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Dry Cracked Nose

Boxer Dog Dry, Cracked, Peeling Nose Issues


There are many owners of Boxer dogs who wonder if a dry nose indicates a problem and plenty of others who realize, of course, that dryness plus crusting points to a problem, but are not sure exactly what causes this. 

Normally, a dog's face can tell you quite a bit; the eyes, nose, and ears can all be visible clues in regard to a dog's level of health. It can be alarming when the skin on the nose, certainly a prominent feature on the Boxer, shows signs that something is wrong.
This section is going to discuss:
  • The issue of dry nose skin on the Boxer breed 
  • What it means if the nose is dry and cracked 
  • What it means if there is crusting or scales 
  • Peeling and fading 
Since a dog's nose can be used as an indicator of health and because dry, crusting, peeling or cracking can make cause quite a bit of discomfort that can worsen over time, let's learn more about this and dive right in.

Understanding the Nose of the Boxer Dog - You May be Surprised

Some people refer to a dog's nose (as well as paw pads and ear flaps) as leather. With ears, this is a commonly used term; however, in regard to the ears or nose this terminology is very misleading. While the definition of leather is animal skin that has been tanned and treated (along with hair removal) many people assume that the skin on the nose and paws are so thick that it is akin to leather… and for that reason they use the word.

However, despite its appearance - and its dark color has a lot to do with this - the skin of a Boxer dog's nose is NOT thicker than the rest of the body.

Technically, skin itself is made out of 3 layers. Inner layers contain connective tissues and fat. It is the outer most layer that we see and it is called the epidermis.

Areas on a dog's body have ranges of 3 to 5 layers of epidermis. The NOSE has only 3 layers. Of these 3 layers, the outermost layer - called the stratum cornuem - has small grooves in it that lends to its textured appearance. As a side annotation, it is interesting to note that each dog's pattern of texture on the nose is completely unique; with no two dogs having the exact same 'nose print'; it is the equivalent of human fingerprints.
With all of this in mind, a dog's nose is not as thick as the color and texture may lead you to believe. And in turn, any dryness and resulting cracking or crusting is going to be apparent very quickly.

What it Means if a Boxer Dog's Nose is Dry

Despite a long standing myth, a dog's nose does not need to be wet and cold in order for the dog to be considered healthy. The key element to take note of is that if the skin on the nose is dry WITHOUT any other signs or symptoms of a problem, this is nothing to be concerned about. 

Over the course of 1 day, there can be normal changes to a Boxer dog's nose… it may be moist, warm, cool, and dry…and all of that is fine as long as there are no other indications that something is wrong.

External factors such as exposure to sunlight, air temperature and humidity levels can all affect the moisture level and the level or warmth or coolness when you touch the area. Internal factors such as slight dehydration can cause a dog's nose to appear dry.

Problems can arise when a dry nose shows signs of:
  • Cracking
  • Bleeding from cracks in the skin
  • Peeling, flaking
  • Discoloration
  • Crusting
Let's take a look at what these symptoms may mean:

What it Means if a Boxer Dog's Nose is Dry & Cracked

Many times, if a Boxer dog licks at his nose, it causes the skin to dry out more and more until small cracks develop. Without treatment to protect the sensitive nasal skin, this often worsens with time since the irritated and dry nose causes the dog to lick even more.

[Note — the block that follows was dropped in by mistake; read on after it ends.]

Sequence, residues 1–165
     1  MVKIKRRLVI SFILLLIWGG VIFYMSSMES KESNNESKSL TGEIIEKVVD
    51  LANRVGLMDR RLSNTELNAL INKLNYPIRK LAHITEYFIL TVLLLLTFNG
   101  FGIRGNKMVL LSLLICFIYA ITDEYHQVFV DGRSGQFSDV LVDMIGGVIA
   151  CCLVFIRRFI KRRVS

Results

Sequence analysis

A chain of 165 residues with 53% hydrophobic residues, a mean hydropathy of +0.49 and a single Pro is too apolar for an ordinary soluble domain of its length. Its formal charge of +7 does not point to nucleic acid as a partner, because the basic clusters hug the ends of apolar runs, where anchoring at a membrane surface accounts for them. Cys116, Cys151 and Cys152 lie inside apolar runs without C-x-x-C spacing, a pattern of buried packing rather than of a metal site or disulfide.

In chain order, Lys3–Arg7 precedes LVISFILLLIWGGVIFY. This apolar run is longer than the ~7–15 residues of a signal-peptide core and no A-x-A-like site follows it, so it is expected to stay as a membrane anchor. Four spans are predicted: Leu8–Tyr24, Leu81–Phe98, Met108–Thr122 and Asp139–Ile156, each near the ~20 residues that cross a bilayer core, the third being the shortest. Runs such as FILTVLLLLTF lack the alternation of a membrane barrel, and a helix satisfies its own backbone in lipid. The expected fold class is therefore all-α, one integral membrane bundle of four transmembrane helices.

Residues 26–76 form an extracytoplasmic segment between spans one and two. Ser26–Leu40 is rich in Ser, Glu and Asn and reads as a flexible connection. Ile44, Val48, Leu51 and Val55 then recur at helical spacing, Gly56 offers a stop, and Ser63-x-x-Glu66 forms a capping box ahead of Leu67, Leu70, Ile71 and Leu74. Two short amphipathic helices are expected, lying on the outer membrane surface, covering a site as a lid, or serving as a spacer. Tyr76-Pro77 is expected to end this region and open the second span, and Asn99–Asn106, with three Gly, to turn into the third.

The dryness that begins this whole cycle is often due to slight dehydration. While you leave water out for your Boxer, it is best to also encourage the consumption of water, especially when outside. When you bring your dog for walks or will be out with him for any time longer than 1 hour, be sure to bring fresh, filtered water in a proper canine travel bowl or container.

Other causes for this are dry air and/or cold temperatures; which means it's more common in the winter. You can help this heal and prevent further cracking by protecting your dog's nose with the proper balm (more ahead).

A Boxer Dog with a Crusty Nose

There are many skin disorders and disease that can cause a dog's nose to become scaled or crusty. The crust may become very thick, flake off leaving exposed pink areas, and even bleed a bit if the dog rubs at his nose and a piece falls off.

With this being said, let's first look at the most common reason for cracking or crusting: Nasodigital Hyperkeratosis

Nasodigital Hyperkeratosis is the fancy, medical term for an idiopathic (which means that the cause is not known) condition that is manifests itself by the formulation of crust on the nose and/or paw pads.

This is not uncommon with brachycephalic breeds and therefore the Boxer breed is prone to this. This affects older, senior dogs most often, though dogs of any age may develop this condition.

It should be noted that if you notice this type of issue on a young puppy that you are thinking of buying - the cause will most often be something more serious and it is recommended to refrain from purchase until you are able to obtain a legitimate clean bill of health from a reputable veterinarian.

The crusting on the nose may be light or thick, becomes worse without treatment and while crust may appear on any part of the nose such as around the nostrils, it most often will present as a thick crusting at the top ridge of the dog's nose.

Since the cause is not known this cannot be treated with any sort of prescribed medication such as antibiotics or the like.

However, in many cases when there is NOT an underlying health condition and the ONLY problem is unknown crusting, the proper nose balm will heal the Boxer's nose and restore it to its normal condition.